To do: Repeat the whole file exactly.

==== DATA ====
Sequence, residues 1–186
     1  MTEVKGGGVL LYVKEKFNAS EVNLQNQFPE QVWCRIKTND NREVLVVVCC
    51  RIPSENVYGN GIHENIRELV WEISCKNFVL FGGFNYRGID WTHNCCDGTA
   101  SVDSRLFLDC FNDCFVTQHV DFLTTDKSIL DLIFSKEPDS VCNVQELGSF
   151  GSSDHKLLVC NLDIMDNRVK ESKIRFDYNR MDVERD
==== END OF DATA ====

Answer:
Sequence, residues 1–186
     1  MTEVKGGGVL LYVKEKFNAS EVNLQNQFPE QVWCRIKTND NREVLVVVCC
    51  RIPSENVYGN GIHENIRELV WEISCKNFVL FGGFNYRGID WTHNCCDGTA
   101  SVDSRLFLDC FNDCFVTQHV DFLTTDKSIL DLIFSKEPDS VCNVQELGSF
   151  GSSDHKLLVC NLDIMDNRVK ESKIRFDYNR MDVERD